Chessy Normile


Washing my hands rapidly with nowhere to be, I splash some milky white water on my
stomach. It drips in three rivulets onto the elastic band of my underwear and I realize how
sexless my life has become. I run a hand under the faucet, wipe the soap off my skin. I feel
depressed. Mine is the loneliest bathroom on earth. People are like, ha ha your poems are
, and that’s a kind of a miracle. I’m grateful. It’s nice to share the joke of my existence
with you. But, like the fish who tried to swallow Tobias’ foot in a lesser known moment in
the Bible, I seem to function one way, when my life is really hidden in another.

It’s not the food of me— immediate, salty, eaten by the river— that you need. It is my weird
gray organs: my heart, gal bladder, and whatever that other one is.

Tobias didn’t know about the heart— that it could be burnt when he sought to bed a haunted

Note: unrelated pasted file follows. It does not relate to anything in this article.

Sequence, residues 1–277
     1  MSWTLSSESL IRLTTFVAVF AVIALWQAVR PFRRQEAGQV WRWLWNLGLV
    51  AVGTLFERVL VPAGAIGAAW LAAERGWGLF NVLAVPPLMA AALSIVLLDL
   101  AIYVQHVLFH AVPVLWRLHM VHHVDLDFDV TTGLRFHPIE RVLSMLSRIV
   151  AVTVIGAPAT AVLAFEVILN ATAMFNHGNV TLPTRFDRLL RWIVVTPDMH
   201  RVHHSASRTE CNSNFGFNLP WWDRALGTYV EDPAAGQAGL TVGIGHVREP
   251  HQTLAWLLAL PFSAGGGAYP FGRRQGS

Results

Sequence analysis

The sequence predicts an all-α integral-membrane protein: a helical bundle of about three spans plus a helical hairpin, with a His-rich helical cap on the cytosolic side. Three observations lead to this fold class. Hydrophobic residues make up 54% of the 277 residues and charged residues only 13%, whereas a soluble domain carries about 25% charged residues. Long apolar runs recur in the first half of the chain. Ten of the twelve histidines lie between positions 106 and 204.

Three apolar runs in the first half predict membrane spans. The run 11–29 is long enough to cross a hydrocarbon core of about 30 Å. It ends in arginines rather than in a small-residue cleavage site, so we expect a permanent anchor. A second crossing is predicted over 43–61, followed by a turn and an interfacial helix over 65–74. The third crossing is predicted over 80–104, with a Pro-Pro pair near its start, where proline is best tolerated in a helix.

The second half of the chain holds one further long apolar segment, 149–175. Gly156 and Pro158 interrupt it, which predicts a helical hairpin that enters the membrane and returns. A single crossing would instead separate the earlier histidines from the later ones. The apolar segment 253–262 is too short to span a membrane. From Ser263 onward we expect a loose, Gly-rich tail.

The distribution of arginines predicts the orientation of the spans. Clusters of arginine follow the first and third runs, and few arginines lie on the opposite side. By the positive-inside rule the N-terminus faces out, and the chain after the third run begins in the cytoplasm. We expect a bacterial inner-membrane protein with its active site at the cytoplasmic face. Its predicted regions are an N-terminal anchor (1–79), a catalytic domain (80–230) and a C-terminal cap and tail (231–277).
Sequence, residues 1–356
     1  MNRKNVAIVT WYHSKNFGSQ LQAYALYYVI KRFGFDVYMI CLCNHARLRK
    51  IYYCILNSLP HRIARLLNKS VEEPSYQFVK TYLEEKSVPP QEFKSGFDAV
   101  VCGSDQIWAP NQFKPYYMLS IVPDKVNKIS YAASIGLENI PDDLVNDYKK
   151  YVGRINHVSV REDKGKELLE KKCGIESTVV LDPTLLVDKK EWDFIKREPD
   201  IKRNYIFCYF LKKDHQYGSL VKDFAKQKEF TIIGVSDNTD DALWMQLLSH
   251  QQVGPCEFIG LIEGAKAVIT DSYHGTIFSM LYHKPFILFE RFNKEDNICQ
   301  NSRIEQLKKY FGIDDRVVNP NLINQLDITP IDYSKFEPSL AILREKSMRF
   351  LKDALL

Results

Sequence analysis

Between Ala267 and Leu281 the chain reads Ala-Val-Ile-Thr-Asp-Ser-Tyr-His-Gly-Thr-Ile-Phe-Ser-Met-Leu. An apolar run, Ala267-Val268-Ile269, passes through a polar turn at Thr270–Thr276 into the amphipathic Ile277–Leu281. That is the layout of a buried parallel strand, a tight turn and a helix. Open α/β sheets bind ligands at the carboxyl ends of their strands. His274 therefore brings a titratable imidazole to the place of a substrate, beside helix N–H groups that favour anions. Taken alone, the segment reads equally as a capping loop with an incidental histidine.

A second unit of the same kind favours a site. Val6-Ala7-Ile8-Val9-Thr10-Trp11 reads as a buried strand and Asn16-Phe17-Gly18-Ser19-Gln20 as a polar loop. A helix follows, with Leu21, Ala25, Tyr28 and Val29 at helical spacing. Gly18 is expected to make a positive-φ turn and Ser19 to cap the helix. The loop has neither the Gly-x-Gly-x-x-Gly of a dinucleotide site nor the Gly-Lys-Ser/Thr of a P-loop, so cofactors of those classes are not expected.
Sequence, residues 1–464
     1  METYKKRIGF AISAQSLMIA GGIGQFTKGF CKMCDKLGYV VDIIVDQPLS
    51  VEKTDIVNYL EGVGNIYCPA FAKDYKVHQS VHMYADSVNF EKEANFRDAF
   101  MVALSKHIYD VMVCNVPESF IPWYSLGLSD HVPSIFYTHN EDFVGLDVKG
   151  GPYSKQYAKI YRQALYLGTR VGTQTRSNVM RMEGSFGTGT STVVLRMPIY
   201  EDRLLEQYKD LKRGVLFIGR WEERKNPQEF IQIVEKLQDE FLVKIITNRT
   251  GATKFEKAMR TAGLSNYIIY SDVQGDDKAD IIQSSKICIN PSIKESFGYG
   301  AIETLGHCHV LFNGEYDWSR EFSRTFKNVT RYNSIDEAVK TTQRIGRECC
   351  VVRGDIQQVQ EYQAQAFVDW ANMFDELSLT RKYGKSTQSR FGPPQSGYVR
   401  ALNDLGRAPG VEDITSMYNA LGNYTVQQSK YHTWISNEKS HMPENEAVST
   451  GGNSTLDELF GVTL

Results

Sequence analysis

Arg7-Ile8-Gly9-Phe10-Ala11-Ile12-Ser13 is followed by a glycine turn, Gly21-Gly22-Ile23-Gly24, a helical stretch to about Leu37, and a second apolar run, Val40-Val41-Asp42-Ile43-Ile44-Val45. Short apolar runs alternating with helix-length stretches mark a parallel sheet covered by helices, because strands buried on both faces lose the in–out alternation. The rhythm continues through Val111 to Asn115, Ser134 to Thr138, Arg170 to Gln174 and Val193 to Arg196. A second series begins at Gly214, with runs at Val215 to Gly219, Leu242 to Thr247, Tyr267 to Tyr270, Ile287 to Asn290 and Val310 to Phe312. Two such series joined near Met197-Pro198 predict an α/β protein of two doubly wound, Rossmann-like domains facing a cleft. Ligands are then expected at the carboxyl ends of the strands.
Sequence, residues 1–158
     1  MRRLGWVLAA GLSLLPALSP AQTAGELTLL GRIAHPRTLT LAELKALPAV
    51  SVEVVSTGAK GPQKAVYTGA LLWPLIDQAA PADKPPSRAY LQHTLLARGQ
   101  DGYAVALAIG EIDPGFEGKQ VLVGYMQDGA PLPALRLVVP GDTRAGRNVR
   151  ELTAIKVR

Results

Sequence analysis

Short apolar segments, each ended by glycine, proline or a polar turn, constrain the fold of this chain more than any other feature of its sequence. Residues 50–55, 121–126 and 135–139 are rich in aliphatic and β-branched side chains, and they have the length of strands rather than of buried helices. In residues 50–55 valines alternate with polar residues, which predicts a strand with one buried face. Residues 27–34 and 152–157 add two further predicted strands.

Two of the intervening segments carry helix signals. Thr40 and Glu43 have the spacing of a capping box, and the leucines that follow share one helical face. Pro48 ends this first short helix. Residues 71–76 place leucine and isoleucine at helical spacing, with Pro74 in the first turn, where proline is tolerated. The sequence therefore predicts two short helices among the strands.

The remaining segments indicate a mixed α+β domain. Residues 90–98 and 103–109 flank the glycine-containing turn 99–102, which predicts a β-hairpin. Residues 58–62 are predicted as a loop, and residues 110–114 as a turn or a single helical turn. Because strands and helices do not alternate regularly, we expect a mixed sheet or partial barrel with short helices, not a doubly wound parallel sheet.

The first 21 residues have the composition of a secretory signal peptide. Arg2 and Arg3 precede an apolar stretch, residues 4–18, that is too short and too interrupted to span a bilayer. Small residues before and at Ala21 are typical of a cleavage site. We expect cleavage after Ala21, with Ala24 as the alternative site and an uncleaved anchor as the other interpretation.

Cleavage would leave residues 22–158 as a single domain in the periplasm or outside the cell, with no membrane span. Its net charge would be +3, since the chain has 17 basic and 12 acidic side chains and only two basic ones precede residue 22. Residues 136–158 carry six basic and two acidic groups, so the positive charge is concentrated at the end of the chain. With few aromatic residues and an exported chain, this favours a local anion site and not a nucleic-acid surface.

beloved; that it could drive The Destroyer from the room, for the both of them— nor did he
know of the gal bladder, which, if made into an ointment, could cure his father’s blindness;
cast a film over his eyes that he might peel gently back.

I think I’m devastated. I don’t know if Tobias was.
Probably not, because he wasn’t cursed, and I am.

For seven years I have stood at this sink
and sometimes, though rarely, I forget why.

This is a momentary kind of a thing.

Chessy Normile is currently at the Michener Center for Writers studying poetry and pursuing her MFA. She received the Andrew Julius Gutow Academy of American Poets Prize in 2018 and the Andrea K. Willison Poetry Prize from Sarah Lawrence College in 2013. Her poems appear in jubilat,,, and elsewhere.